Americans paid more for rent, clothes, and cars last month, but overall inflation was largely held in check by falling energy prices. The Bureau of Labor Statistics reported the consumer price index rose 0.1% in June whereas economists had forecast no change. Over the past 12 months, the cost of living slipped 0.2% to a four-month low of 1.6%. Core inflation, which strips out food and energy, rose 0.3% last month—its biggest increase in a year and a half. From the same time last year, core inflation ticked up 0.1% to 2.1%. Inflation has eased in 2019 to a 2% rate or less, confounding predictions that a tight labor market and record economic expansion would generate higher prices.
At the producer level, prices rose a modest 0.1% in June, indicating that inflation remains under control at the wholesale level, too. Prices at the wholesale level were up 1.7% over the past 12 months, its lowest rate in more than two years. Excluding food, energy, and trade margins, the “core PPI” was flat last month after two consecutive months of 0.4% gains. The annual rate of increase in core prices declined 0.2% to 2.1%. Within the main subcomponents, prices for goods fell 0.4%, the most since January. However, more than 60% of the drop can be traced to a 5% decline in gasoline prices, the government said. A notable exception: the price of corn surged 19.9% due to the difficult growing conditions—its biggest increase in almost 4 years.
Sentiment among the nation’s small business owners dipped in June predominantly due to “uncertainty” surrounding the slowdown in global trade and May’s stock market tumble. The National Federation of Independent Business (NFIB) small-business optimism index declined 1.7 points to 103.3—missing the consensus forecast of 104.0. In the details, six of the ten components fell, while three improved and one stayed the same. Owners’ plans to increase employment and to spend on capital equipment both declined, as well as expectations of higher sales in the future. In its statement, the NFIB noted increased costs due to tariffs may soon be passed on to customers. “Some tariff inflation pressures may be surfacing as the percent of firms raising selling prices rose significantly, with 30% of owners reporting recent changes in China trade policy negatively impacting their business,” the group said in its release.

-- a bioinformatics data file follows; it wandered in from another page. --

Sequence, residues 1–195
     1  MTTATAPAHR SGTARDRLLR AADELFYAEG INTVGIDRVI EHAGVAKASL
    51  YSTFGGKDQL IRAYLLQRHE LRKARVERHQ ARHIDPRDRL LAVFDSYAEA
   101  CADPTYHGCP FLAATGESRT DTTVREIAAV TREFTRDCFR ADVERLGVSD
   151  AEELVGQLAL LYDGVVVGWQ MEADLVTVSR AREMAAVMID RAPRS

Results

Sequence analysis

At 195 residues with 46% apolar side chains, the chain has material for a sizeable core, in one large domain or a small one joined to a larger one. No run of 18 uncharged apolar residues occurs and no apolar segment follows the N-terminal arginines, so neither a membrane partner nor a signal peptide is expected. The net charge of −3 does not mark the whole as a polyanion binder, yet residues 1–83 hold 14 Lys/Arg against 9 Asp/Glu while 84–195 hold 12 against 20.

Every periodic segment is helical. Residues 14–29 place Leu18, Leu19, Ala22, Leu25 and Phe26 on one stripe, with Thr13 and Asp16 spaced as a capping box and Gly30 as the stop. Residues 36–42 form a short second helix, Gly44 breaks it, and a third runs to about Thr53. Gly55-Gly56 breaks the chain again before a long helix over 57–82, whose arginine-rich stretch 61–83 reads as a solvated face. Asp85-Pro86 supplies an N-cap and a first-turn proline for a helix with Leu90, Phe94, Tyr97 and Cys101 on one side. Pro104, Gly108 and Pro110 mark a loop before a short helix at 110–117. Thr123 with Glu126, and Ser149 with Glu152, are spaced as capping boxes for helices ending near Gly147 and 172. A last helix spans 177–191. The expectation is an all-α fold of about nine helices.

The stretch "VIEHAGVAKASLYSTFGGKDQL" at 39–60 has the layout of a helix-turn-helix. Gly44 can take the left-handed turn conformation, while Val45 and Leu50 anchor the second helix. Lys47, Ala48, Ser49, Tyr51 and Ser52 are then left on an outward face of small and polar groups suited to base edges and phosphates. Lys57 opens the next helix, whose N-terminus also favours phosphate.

Minutes from the Federal Reserve’s June meeting supported views that the central bank is prepared to cut interest rates at their meeting at the end of July. According to the summary of last month’s discussions, “many” Federal Reserve officials said they would be willing to cut interest rates if risks and uncertainties “continued to weigh on the economic outlook.” And that is exactly how the economy has performed, according to Fed Chairman Jerome Powell, in testimony before Congress this week. In testimony, Chairman Powell stated the economy has not picked up since the last Fed meeting and repeated that the Fed is ready to act to support demand. The minutes revealed that Powell has the backing of most Fed officials for a move.